Wednesday, 19 February 2014

Bats and mushroom growing underground in France.

One thing I've learnt is that when you get out and about you never know what that day will bring and that was certainly the case again the other week when I went to do a bit of underground Bat recording organised by Samuel Ducept and Miguel Gailledrat of Vienne Nature. We met at the bureau at 9am which is early enough for me in winter and as soon as everyone was present set of in two vehicles, 5 people in each to go our separate ways for the day.

I must mention that for some unknown reason it seems that it’s mainly females in France that are “into” bats and Saturday was no exception. Other than Sam and Miguel I was the only male the other 7 being “girls”, (any female under about 35 or possibly 40 is a girl to me these days).

We were going to try and research some underground cavities that either hadn't been looked at before or hadn't been researched for several years. These are all old workings, principally underground quarries in the first instance to provide the limestone that was used to build the châteaus and houses and most were then used for other functions, storing food such as cheese if part of a large property or used as champignonnières – commercial mushroom production. This was the principle means of commercial mushroom production in France during the 19th century until the middle of the 20th century thanks to the ideal conditions they provided, a more or less constant temperature, easy to regulate air flow and a good level of humidity. The process is quite complex and rather than make gross errors I have linked to a good site below in French with some interesting old photos but all methods required the use of containers filled with compost made with a mix of manure and straw plus lime.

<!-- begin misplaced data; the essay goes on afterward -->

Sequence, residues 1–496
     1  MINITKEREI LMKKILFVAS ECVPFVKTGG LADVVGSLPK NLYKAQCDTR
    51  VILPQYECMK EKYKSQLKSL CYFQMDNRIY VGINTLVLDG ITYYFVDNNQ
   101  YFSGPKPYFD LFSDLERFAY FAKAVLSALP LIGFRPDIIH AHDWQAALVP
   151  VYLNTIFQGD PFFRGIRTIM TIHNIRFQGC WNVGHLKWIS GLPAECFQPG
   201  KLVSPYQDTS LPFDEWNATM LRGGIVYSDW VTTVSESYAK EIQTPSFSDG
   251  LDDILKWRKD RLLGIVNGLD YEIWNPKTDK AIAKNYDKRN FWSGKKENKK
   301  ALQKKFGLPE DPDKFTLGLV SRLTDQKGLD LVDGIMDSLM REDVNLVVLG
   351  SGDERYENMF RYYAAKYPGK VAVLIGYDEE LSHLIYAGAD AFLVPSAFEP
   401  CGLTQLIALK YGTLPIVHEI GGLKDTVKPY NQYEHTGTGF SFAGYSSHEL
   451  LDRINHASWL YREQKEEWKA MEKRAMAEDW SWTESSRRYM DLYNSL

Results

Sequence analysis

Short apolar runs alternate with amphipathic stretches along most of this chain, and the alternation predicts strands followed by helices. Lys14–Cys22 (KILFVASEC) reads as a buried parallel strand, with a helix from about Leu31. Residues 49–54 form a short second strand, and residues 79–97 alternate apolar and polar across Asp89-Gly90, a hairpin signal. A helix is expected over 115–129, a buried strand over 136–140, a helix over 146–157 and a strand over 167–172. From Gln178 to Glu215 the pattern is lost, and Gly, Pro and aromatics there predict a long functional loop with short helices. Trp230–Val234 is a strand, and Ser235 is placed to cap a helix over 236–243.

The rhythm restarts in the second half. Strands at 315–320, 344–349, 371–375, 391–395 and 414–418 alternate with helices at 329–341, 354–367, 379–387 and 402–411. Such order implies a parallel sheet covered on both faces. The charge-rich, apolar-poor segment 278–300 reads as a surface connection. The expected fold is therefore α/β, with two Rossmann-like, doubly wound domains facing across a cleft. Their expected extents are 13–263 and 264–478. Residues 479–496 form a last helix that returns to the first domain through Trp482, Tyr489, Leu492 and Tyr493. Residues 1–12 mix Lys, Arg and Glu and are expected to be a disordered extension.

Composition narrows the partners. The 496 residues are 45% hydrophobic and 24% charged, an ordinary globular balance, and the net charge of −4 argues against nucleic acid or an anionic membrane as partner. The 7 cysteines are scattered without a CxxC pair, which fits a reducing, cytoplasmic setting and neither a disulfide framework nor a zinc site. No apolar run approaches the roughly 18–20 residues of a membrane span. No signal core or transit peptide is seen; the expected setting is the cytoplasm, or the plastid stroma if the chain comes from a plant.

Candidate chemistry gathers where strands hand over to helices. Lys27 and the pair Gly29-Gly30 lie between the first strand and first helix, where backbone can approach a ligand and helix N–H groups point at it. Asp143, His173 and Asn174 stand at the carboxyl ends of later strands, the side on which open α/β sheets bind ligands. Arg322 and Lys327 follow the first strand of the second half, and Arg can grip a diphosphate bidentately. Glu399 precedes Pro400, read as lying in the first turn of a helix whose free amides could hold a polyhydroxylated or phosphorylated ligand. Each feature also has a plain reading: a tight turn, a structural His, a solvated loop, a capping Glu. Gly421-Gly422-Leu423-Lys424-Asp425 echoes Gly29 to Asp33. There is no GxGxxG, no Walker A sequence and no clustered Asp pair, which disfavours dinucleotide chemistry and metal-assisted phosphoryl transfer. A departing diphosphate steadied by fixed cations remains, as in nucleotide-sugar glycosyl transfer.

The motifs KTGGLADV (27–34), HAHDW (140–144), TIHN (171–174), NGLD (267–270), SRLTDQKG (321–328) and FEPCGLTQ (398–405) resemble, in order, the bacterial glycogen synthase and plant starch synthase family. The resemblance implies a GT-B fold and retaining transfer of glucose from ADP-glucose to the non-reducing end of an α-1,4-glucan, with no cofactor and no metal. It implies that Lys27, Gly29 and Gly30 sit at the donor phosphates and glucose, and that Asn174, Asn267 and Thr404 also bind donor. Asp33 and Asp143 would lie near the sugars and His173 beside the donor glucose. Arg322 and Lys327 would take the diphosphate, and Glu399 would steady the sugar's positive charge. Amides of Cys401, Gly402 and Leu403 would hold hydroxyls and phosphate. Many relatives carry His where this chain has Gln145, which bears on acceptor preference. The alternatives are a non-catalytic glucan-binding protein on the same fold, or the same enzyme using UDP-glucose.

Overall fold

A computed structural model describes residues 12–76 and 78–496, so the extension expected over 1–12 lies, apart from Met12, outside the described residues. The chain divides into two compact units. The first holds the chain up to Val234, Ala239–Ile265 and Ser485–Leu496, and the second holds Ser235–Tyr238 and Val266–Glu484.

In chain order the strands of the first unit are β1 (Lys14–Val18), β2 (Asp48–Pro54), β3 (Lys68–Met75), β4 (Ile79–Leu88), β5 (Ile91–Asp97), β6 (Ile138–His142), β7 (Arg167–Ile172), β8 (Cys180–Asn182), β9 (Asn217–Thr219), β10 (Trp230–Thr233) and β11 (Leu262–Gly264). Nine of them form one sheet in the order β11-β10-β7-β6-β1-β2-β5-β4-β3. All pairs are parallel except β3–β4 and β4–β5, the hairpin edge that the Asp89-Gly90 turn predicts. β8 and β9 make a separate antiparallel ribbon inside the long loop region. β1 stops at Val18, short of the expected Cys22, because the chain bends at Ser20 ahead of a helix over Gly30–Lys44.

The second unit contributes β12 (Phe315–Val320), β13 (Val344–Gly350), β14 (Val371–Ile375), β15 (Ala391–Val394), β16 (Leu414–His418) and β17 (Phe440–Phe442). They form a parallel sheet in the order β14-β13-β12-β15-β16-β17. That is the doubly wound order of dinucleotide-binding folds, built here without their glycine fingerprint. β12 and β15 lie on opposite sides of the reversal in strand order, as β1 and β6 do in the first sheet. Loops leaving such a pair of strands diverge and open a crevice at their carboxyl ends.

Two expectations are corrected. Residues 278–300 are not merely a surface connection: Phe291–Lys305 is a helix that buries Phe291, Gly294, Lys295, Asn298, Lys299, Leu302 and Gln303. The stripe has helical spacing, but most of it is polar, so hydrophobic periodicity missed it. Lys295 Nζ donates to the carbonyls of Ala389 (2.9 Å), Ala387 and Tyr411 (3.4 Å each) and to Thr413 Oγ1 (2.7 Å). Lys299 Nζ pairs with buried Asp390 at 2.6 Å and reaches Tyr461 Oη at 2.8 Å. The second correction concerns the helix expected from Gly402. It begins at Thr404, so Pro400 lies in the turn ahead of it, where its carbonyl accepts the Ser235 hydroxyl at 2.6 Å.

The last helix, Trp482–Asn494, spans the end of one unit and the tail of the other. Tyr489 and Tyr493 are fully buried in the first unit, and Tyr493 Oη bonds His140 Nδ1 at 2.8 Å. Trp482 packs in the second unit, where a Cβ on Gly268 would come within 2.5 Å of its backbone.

Click on photos to enlarge.

These old underground caves or cavities are always on private land, often some distance from a road and sadly many have become blocked or overgrown. Of course overgrown or even partially blocked isn't necessarily a problem for over wintering bats providing they still have reasonable access but it obviously reduces the ability to record numbers effectively. Inevitably for us it meant drawing several blanks which is always disappointing however we did manage to find and gain access to several caves of varying sizes over the course of the day even when it meant overcoming a few obstacles.

It’s probably not a surprise to anyone that these caves are used by all manner of other species besides bats and in two caves there was the unmistakable and all pervasive smell of fox and even a brief glimpse of one as it ran away from our lights. Large numbers of Peacock butterflies and literally hundreds if not thousands of Herald moths Scoliopteryx libatrix hibernating all over surfaces of one cave and even a small cluster of Eristalis tenax hoverflies in a shallow hole in the rock face. There are always small clouds of lethargic mosquitoes and other midges waiting for spring and even quite large numbers of chocolate coloured slugs in one cave.

Not all bats favour caves to over winter with many species using houses, buildings or cavities in forest trees. The common pipistrelle Pipistrellus pipistrellus, one of the commoner bats prefers buildings and when found in a cave it will usually be near the entrance as will be Barbastelle Barbastalla barbastellus. The Large and Small Horseshoe bats are to be more likely found far from the entrance in the warmer air where they can sometimes remain moderately active even flying around sometimes and as they are often not actually asleep greater care needs to be taken not to disturb them.

Totals for the day.

Greater Horseshoe bat    73
Lesser Horseshoe bat      12
Brown Long eared bat     5
Daubentons bats             8
Whiskered bat                42
Geoffroy's bat                23
Natterer's bat                  6
Bechstein's bat                5
Greater mouse-eared bat  33

Although there was a reasonable number of Greater Horseshoe bats they weren't in substantial groups.